US Pushing International Polar Bear Regs

U.S. Sportsmen, Bear Hunting Magazine

The U.S. Department of the Interior is seeking support from other countries on a ban that would block the commercial trade of polar bears and impose more restrictions on hunting the threatened species over global warming concerns. The department is pushing the regulations as part of an international trade agreement already in place with the encouragement of anti-hunting groups. The International Fund for Animal Welfare, Humane Society International, and Defenders of Wildlife issued a press release in September urging the U.S. to support banning all polar bear hunting and banning all trade in polar bear trophies, hides, and rugs at the next meeting of the Parties to the Convention on International Trade in Endangered Species of Wild Fauna and Flora (CITES) scheduled for March 13-15, 2010 in Doha, Qatar.

Under the proposal, polar bears would be removed from the CITES Appendix II and added to Appendix I, which allows the prohibition of all international trade of a particular species. Polar bears have been listed under Appendix II since 1975, when the convention became effective worldwide.

In October 2007, the U.S. Sportsmens Alliance issued a statement to the U.S. Fish and Wildlife Service stating that adding polar bears to the Endangered Species List will not stop global warming, the cited factor for the polar bears then proposed threatened status, according to a U.S. Geological Survey report released a month earlier that year.

Listing the bears as endangered will not empower the Fish and Wildlife Service to control any global factors that may contribute to climate change and the alleged loss of Artic Sea ice, William Horn, USSA director of federal affairs, said in the Oct. 30, 2007 press release. But it will wipe out a significant amount of conservation funding that the hunts generate.

The U.S. Department of Interior formally listed polar bears as threatened under the Endangered Species Act in May of 2008 using the same inadequate evidence that global warming will reduce the animals arctic ice habitats and lead to the bears extinction.

The listing successfully banned importing polar bear trophies from regulated hunting programs. Hunters that shot a polar bear outside of the U.S. right before and after the official listing were not allowed to bring their trophy back with them causing a stir among sportsmen.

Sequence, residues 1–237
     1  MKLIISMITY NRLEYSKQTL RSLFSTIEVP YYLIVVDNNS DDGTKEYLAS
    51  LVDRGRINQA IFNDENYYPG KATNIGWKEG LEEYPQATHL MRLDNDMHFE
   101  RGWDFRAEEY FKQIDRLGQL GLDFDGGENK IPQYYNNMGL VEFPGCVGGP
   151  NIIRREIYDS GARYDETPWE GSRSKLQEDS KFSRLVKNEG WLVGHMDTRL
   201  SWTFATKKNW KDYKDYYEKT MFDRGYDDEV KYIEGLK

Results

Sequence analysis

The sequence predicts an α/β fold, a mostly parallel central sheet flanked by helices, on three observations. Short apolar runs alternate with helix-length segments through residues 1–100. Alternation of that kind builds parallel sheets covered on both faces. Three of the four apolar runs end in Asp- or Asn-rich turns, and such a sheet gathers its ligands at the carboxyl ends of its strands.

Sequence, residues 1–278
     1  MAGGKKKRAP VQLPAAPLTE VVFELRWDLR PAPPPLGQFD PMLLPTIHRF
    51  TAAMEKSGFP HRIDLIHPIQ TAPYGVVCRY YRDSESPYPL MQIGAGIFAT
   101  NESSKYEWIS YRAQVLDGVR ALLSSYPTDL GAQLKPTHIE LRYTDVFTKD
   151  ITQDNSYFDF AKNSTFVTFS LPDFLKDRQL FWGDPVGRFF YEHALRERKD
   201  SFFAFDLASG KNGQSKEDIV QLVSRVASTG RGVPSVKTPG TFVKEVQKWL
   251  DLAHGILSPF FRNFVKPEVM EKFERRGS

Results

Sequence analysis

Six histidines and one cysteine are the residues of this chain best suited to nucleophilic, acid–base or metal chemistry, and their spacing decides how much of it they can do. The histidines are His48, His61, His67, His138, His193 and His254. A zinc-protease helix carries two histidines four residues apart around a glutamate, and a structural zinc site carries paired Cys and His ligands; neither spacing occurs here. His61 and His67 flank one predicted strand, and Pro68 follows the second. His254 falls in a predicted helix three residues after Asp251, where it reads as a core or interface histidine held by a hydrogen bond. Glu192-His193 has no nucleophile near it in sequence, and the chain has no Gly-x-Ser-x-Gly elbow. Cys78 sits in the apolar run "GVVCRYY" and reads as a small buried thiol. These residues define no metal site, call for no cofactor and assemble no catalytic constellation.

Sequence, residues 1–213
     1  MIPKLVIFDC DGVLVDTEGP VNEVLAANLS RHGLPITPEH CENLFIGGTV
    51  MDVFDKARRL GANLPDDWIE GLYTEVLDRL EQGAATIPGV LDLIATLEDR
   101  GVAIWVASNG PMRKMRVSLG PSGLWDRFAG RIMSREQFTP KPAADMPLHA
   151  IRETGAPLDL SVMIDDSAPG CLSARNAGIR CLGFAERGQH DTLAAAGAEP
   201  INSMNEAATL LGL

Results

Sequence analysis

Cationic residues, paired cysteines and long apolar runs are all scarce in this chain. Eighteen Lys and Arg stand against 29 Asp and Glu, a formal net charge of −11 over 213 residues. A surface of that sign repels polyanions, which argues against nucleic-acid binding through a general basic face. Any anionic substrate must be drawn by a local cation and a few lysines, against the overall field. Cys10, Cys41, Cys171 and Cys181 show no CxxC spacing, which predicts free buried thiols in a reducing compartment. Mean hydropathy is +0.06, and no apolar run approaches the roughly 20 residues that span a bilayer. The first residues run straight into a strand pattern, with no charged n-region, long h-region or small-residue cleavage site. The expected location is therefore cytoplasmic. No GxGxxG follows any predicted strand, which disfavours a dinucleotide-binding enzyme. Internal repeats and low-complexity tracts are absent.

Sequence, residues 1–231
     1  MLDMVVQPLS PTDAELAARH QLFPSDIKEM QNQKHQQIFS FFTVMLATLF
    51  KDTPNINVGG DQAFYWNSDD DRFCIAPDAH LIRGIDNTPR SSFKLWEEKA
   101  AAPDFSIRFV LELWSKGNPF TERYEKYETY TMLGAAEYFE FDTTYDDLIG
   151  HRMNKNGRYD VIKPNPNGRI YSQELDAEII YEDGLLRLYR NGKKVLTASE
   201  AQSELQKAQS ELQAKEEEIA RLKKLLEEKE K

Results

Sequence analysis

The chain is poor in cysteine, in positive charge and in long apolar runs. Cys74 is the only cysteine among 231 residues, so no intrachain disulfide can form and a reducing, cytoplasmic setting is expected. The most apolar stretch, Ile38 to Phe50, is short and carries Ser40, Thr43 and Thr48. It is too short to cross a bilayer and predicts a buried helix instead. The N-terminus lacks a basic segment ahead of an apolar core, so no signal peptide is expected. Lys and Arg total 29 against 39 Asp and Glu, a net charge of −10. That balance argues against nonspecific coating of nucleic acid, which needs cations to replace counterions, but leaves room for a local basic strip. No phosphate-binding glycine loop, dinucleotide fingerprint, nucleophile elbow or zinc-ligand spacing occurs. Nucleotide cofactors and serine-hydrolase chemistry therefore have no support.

According to the U.S. Sportsmens Alliance, both of the bans supportive statements are based on long-term projections of what may happen over the course of decades, not verifiable scientific evidence. The USSA stated that the Endangered Species Act threatened listing and CITES agreements are only political gestures that will do nothing to deal with any ice shrinkage.

If new regulations banning polar bear hunting are enforced, it will open the doors for more anti-hunting groups to advocate and successfully impose legislative bans on the hunting of other species with flimsy, non-scientific evidence.

Current and expanded prohibitions regarding polar bear hunting do nothing to address fears over shrinking arctic ice and only will establish the dangerous precedent of pushing aside science to attain unassociated goals, Bud Pidgeon, USSA president and CEO, said in a press release issued by USSA. Those who oppose hunting are foolishly attempting to slam the door on responsible hunters who contribute the dollars so vital to continued conservation efforts today and tomorrow.

Assistant Secretary of the Interior for Fish and Wildlife and Parks Tom Strickland announced the proposal submission on Oct. 16 on behalf of the U.S. Fish and Wildlife Service. Strickland will also lead the delegation as the U.S. representative at the fifteenth Conference of the Parties.

The CITES conference brings together 175 nations where the trade of wild animals and plants are discussed to ensure international trade does not endanger these resources. Representatives from each nation consider wildlife conservation proposals submitted by CITES parties, discuss the proposals and sign resolutions that amend international trade agreements based on the submitted proposals suggestions for improvement, protection and enforcement of various species during the three-day convention.

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